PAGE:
China Construction Bank, the country's second-largest bank, will cut new lending by as much as 70 percent during the July-December period of this year on concerns that its portion of bad loans may rise.
“I feel that some industries are expanding too rapidly. For example, housing prices are rising too fast, and housing sales are growing too fast,” the bank's President Zhang Jianguo told Bloomberg,
He said new loans at his bank should hit $29 billion during the second half of this year.
Loose monetary policy in China has banks lending vast amounts of money.
Overall, Chinese banks lent $1.1 trillion during the first half of 2009, a figure about the same size as India's gross domestic product, fueling fears that hot growth rates will create asset price bubbles.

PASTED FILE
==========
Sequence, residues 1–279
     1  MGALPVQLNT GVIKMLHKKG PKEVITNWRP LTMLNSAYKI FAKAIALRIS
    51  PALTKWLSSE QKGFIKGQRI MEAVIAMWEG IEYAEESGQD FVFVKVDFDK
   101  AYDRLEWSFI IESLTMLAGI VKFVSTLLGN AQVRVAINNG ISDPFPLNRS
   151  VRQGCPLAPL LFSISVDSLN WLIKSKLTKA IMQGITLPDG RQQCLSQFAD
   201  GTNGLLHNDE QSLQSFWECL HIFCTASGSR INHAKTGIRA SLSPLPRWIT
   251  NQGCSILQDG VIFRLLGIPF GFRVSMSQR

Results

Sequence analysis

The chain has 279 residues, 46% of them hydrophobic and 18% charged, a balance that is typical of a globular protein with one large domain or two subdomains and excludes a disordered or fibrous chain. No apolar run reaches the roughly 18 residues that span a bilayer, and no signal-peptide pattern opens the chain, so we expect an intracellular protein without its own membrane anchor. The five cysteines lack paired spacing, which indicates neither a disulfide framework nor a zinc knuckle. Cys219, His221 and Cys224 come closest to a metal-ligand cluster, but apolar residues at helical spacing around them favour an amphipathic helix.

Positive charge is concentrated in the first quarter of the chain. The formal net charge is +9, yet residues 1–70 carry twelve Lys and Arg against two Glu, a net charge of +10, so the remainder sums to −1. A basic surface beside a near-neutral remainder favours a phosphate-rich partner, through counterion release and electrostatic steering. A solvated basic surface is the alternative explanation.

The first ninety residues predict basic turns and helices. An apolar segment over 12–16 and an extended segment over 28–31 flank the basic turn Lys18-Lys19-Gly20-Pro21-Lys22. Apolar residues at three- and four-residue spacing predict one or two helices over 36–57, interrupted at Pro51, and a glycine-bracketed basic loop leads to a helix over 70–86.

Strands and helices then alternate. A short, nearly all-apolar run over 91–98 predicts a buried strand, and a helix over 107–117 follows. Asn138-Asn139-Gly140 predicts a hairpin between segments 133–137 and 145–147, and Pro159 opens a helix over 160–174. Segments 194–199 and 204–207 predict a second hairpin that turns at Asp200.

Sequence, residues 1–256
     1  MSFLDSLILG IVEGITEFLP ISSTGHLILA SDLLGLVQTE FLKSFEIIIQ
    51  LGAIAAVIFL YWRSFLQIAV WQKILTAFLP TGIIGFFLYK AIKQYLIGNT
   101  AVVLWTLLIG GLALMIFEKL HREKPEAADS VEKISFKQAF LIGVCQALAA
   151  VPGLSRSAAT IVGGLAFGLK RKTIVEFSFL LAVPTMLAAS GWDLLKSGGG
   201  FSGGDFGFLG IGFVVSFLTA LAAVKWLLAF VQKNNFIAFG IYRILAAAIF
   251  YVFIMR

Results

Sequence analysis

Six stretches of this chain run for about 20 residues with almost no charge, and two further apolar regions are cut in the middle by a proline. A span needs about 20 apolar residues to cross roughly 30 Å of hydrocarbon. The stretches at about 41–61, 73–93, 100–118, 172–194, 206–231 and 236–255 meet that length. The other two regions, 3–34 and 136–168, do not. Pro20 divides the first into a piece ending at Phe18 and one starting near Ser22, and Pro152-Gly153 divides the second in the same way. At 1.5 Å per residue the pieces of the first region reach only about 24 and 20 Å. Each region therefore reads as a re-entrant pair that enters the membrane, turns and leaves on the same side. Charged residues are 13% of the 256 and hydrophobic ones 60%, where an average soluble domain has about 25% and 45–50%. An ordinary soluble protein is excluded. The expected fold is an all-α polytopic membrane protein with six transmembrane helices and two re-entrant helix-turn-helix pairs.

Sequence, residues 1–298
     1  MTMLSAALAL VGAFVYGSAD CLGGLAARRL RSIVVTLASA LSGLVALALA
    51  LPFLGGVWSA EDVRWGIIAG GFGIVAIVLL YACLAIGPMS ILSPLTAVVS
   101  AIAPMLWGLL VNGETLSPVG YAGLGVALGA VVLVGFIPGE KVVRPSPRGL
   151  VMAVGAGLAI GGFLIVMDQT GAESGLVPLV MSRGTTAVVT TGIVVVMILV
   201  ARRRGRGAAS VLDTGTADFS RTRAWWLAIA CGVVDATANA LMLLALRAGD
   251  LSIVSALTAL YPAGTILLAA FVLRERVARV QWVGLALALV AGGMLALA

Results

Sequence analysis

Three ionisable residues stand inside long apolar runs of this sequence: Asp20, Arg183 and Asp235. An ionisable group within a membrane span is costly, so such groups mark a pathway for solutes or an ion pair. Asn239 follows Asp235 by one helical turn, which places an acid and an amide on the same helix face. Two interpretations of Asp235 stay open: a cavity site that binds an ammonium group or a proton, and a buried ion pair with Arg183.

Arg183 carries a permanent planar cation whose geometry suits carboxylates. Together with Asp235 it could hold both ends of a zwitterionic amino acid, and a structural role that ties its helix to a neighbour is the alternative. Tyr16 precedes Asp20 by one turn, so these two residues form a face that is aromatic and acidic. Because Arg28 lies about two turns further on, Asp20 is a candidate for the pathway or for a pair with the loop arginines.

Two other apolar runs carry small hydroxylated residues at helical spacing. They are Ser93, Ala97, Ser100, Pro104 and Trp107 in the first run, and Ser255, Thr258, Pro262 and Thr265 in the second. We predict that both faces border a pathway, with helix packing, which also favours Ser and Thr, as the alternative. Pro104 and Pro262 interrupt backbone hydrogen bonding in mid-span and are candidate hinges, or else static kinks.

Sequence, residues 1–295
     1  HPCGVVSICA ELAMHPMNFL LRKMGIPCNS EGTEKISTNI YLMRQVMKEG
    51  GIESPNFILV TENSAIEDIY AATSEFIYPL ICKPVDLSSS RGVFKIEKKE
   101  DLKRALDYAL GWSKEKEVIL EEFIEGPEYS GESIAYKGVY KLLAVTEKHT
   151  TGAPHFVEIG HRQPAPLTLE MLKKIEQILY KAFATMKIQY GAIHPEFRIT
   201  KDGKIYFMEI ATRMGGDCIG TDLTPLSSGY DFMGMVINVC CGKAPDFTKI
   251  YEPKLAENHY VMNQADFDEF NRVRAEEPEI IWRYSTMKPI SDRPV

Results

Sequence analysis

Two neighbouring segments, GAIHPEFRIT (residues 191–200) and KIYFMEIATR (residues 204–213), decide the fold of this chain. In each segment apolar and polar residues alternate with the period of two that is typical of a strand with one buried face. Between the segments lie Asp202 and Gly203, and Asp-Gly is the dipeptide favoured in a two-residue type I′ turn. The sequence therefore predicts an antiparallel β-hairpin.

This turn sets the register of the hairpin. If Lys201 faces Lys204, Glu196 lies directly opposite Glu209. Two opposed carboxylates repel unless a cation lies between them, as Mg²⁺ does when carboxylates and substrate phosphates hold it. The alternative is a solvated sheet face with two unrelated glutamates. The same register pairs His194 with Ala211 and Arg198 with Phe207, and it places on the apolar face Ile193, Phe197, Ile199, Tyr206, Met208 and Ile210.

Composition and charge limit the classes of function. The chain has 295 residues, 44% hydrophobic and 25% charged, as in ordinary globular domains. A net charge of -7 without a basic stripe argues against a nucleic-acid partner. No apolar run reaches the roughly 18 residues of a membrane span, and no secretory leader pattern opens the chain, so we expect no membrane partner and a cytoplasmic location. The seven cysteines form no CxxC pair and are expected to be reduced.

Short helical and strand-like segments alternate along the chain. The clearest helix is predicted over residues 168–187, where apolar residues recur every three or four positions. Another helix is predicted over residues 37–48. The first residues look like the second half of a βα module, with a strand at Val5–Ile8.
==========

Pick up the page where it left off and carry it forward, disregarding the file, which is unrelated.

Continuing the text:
Not so, Chinese officials say.
They're going to keep the economy in growth mode, however, and that means loose monetary policy and no quotas on bank loans.
“Promoting steady and fast growth will remain the top priority of our economic work,” said Zhu Zhixin, a vice minister at the National Development and Reform Commission, China's top economic planning agency.
“We will continue to implement our active fiscal policy and moderately loose monetary policy” to consolidate “economic stabilization and recovery,” he told reporters at a briefing in Beijing.
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